Virginia Valenzuela is a poet, essayist, and yogi originally from Manhattan. She holds BA degrees in creative writing, literary studies, and women’s studies, and a minor in film studies. She completed her MFA in poetry and creative nonfiction at The New School. She is a writer at The Warblr, curator of The New School After Hours reading series, and Prose Editor of LIT. Virginia’s poetry has appeared on the Best American Poetry Blog.
1. Who is your favorite villain, and who is your favorite protagonist in literature?
My favorite protagonist in literature is either Jo March from Alcott’s Little Women or Gregor Samsa from Kafka’s Metamorphosis. One is about harnessing the power of the mind over the (gendered) body, one is about the fall of the intellectual human being. Both stories are about the struggle between your duty to your family, and your duty to yourself, the world of the individual who does not fit in, who wants and needs to break free.
My favorite villain is society. The way it shifts, the way it moves, the way it destroys. I love the tension that is created when you know that there is no solution to the problem at hand, the character was doomed from the start, and only a miracle will save them. Either the miracle comes right at the end, or the miracle comes not at all, but the characters who achieve their dreams by the end have been able to overcome the obstacles thrown their way. I like books that remind me that nothing about life is easy, but that there can be a reward for those you persevere with their moral compass intact.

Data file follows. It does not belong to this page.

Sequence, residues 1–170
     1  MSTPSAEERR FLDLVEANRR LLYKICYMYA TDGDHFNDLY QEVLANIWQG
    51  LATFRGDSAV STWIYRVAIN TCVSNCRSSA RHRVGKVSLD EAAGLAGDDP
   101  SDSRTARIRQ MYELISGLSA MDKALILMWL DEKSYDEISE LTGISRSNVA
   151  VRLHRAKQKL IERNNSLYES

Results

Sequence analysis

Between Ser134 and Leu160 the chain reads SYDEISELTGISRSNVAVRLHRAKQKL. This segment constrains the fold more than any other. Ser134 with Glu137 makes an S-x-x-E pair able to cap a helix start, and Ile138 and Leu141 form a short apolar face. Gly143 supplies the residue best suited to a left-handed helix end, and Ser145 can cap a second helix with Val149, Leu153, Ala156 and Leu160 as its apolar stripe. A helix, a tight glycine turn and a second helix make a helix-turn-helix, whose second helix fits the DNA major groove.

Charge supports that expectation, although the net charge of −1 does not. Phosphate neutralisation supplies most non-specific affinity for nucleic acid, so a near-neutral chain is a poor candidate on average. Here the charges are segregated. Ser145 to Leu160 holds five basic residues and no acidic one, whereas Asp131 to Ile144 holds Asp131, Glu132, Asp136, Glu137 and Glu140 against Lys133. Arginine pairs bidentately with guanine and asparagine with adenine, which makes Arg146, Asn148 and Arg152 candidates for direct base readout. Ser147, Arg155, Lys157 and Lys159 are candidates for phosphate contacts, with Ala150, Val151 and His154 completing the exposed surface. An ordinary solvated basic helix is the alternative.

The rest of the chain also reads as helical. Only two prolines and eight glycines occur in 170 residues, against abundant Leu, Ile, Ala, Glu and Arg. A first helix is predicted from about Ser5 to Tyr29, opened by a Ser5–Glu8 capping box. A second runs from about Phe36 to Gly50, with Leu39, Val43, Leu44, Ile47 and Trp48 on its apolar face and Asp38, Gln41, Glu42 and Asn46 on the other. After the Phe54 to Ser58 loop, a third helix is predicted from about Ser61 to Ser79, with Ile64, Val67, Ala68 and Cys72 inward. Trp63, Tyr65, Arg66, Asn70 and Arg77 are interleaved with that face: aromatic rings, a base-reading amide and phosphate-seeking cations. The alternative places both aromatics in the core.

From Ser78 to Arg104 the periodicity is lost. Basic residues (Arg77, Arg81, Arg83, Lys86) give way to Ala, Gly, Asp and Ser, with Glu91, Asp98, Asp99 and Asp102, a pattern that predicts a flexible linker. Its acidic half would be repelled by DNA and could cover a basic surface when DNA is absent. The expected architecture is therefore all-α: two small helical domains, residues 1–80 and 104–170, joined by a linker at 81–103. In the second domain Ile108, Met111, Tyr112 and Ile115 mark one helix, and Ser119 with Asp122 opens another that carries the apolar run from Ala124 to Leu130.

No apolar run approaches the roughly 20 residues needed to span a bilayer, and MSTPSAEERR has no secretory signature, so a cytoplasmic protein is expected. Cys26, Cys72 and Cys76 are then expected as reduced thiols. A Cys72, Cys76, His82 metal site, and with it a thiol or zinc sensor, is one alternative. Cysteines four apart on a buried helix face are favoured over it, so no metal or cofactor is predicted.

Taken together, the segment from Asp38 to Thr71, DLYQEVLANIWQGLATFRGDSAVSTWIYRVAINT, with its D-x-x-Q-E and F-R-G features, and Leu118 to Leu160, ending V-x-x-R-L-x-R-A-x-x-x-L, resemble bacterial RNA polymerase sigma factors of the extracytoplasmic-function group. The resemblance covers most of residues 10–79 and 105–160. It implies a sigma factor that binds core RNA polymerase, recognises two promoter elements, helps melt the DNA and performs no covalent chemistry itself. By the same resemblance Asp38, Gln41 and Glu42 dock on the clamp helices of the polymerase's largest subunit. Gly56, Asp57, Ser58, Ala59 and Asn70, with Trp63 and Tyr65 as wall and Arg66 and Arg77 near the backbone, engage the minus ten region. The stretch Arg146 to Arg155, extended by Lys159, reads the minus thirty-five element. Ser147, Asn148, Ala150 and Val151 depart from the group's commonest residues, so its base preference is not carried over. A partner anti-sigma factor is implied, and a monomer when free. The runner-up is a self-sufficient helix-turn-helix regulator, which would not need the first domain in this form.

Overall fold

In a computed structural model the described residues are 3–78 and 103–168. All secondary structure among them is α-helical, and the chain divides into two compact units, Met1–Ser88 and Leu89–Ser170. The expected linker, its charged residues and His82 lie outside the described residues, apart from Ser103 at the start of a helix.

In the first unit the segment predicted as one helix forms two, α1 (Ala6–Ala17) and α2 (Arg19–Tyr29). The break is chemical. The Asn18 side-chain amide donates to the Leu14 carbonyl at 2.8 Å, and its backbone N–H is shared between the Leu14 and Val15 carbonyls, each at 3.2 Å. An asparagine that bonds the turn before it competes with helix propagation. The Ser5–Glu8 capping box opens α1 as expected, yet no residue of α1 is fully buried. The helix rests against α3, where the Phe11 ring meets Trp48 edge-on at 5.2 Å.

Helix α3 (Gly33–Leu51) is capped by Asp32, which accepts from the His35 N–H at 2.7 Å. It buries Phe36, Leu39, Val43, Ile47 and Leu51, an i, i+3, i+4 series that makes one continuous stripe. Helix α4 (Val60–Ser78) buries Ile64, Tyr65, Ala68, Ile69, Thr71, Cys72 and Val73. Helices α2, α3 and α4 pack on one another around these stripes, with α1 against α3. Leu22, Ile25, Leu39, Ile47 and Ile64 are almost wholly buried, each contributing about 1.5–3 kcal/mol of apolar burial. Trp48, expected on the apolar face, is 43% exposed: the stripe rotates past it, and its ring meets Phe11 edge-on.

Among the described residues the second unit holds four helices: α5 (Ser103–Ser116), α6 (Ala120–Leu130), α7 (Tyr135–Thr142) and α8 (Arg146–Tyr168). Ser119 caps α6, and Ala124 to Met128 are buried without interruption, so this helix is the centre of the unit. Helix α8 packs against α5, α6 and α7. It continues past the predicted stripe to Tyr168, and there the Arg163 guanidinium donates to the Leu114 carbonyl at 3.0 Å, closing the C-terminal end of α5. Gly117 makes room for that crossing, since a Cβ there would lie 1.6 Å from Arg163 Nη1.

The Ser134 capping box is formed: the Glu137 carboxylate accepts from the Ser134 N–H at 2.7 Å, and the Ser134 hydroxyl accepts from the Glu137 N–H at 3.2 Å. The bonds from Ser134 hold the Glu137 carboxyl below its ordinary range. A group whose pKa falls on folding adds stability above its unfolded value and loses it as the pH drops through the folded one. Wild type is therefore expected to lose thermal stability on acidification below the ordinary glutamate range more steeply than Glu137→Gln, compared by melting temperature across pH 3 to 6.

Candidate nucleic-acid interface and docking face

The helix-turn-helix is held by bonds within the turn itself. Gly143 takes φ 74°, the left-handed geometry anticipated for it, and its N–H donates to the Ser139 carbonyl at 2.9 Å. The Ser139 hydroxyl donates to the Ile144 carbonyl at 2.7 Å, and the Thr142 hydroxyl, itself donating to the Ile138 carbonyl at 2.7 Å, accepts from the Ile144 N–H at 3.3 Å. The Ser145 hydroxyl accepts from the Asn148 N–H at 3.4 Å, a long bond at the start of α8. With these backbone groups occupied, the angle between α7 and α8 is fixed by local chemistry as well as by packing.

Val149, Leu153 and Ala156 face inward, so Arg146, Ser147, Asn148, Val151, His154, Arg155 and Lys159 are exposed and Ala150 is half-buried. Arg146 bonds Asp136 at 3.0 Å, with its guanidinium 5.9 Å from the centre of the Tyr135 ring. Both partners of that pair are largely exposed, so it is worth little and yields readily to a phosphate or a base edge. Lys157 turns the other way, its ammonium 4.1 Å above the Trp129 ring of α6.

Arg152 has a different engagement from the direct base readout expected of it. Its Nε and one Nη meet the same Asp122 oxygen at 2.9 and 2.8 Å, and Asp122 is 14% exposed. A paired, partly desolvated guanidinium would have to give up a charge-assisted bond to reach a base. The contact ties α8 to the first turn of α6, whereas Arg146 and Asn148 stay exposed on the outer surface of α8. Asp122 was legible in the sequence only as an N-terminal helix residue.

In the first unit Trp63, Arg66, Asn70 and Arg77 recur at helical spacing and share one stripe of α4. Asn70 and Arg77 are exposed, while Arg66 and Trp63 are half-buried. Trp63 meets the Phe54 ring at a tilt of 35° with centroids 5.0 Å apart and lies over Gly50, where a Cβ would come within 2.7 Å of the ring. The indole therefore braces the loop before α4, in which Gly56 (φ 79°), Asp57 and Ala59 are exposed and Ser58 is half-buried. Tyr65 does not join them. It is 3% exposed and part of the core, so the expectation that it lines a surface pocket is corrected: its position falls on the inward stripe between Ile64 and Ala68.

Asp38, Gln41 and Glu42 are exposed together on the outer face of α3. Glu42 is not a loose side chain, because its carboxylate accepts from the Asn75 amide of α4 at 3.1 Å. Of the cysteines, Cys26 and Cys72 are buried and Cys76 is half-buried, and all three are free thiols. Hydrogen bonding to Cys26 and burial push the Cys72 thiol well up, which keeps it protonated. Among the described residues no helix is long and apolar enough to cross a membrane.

2. When did you know you were a writer?
I was in Kindergarten. We were tasked with writing an original story about farm animals. I wrote mine with ease, and at the end of the period I had written an entire page (not bad for a writer the age of 5). My story had impressed the teachers so much that they read it to the class, put shiny stickers on it, and pinned it to the bulletin board. I remember the feeling I had when I saw how different it looked from the other kids’ work, the feeling I had when my teacher looked at me in surprise and said, “you wrote this?”
After that, I wrote, illustrated, and bound my first book, and have been looking for an agent ever since.
3. What are you currently working on?
I am attempting to write a novel for the first time. It’s about what it’s like to be young in America in the 21st century, to have your entire life ahead of you while simultaneously worrying about the running out of time. It tackles student debt and the employment crisis brought on by the fact that we have had three recessions just in the 21st century, which has impacted millennials more than any other generation. It’s written in the modernist style with stream-of-consciousness.
I am still adding essays to my nonfiction thesis that I finished in 2019, as well as submitting excerpts of my poetry thesis from 2018 to chapbook contests.
4. How has your writing process changed over the years?
I’ve become a lot better at planning the movement of the piece beforehand as well as learning how to give yourself enough distance to be able to look at a piece of writing clearly. The hardest thing I’ve encountered recently is wanting the draft to be perfect from page one, which is, of course, not the point of a first draft at all. I’ve been learning to let go of that search for perfection and to write through the parts of the story that are pulsing through me when I sit down to write, and worrying about connecting them or putting them in order later.
5. Describe your writing style in one sentence.
My style combines philosophy and poetry, dreams and reality, the personal and the political, while finding ways to see humor in tragedy, and hope in despair.
Five Questions, by Nicole L. Drayton. Nicole is a writer, screenwriter and independent filmmaker based in Brooklyn, NY. She holds a Bachelor of Science in Liberal Arts from The New School, and currently works for the university in the MFA in Creative Writing Program office.